Since October 2001, over 2 million U.S. military personnel have deployed to military operations in Iraq and Afghanistan—at least 1 in 5 have PTSD. These service-members have experienced long deployments with relatively sustained periods of combat exposure. In many case, this scenario is repeated multiple times. What is the psychological impact of combat exposure on military service-members? Much research has focused on PTSD and other negative outcomes, with few studies of positive outcomes. Let’s examine a broader set of risk and protective factors with regard to the positive outcome of psychological well-being: PTSD symptoms, sleep problems, depression, self-regulation, autonomy, environmental mastery, personal growth, purpose in life, self-acceptance, relationships with others, marital satisfaction, and meaningfulness of service. To what extent does initial entry military training and follow-on military experience engender a mentalkevlar (a state of preparedness, readiness, and resilience that can protect one from negative sequelae when exposed to trauma) and does this risk engender an excessive level of self-regulation? Come explore the topic and contribute your ideas to improving the explanatory model of risk and protective factors.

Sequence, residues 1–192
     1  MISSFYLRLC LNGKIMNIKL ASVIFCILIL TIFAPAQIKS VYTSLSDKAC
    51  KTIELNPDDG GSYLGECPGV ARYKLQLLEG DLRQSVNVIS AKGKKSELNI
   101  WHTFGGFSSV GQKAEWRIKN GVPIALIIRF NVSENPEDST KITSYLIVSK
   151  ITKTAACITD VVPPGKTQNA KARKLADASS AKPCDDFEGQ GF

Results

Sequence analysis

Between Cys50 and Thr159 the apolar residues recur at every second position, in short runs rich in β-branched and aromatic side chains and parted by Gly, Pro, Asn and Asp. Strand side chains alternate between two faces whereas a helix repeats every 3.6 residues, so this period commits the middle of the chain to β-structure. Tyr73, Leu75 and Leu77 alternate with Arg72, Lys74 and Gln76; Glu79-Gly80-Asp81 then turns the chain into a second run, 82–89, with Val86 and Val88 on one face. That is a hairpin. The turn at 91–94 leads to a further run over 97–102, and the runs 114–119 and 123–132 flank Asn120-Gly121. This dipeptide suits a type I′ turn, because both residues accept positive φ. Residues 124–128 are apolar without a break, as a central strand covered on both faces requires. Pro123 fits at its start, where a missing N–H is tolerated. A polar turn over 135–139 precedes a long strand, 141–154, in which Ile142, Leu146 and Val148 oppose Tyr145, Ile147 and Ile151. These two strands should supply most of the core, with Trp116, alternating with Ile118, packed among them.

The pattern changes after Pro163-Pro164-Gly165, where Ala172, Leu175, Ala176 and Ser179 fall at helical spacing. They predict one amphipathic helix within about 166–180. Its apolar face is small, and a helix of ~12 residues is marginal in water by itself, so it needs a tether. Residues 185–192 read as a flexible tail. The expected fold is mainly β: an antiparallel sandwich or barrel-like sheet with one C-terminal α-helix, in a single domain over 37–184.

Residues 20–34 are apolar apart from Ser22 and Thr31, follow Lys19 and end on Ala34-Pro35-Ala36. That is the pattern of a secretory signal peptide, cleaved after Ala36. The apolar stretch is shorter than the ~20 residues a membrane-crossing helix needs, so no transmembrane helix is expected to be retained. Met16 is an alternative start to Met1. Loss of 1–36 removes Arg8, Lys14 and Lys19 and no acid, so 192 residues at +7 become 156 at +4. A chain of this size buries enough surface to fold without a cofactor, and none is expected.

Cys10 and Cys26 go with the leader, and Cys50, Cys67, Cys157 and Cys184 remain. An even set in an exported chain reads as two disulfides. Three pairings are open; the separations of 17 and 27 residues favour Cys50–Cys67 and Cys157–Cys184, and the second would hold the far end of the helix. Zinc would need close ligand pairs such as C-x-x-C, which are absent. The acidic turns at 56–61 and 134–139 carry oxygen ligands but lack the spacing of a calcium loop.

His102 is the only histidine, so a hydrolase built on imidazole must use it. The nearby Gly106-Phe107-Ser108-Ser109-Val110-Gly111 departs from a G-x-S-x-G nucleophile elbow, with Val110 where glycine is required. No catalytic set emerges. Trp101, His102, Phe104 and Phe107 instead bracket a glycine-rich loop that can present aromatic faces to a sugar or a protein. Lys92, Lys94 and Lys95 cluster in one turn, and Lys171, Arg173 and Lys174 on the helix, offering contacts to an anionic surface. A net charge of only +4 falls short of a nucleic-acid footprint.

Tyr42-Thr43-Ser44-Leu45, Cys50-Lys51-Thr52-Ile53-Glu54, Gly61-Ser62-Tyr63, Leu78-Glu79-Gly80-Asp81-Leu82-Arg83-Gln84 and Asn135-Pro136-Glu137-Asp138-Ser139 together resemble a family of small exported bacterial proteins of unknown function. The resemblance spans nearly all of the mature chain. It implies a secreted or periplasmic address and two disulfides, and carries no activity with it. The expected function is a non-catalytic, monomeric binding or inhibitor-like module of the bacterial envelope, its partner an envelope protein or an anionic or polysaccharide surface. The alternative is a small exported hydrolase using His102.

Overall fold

IAP. Contemporary Military Topics. Psychological Impact of Combat Exposure (MIT students, staff, faculty and affiliates only)
Colonel, US Army
January 31, 2019
Building E40-496 (Pye Room)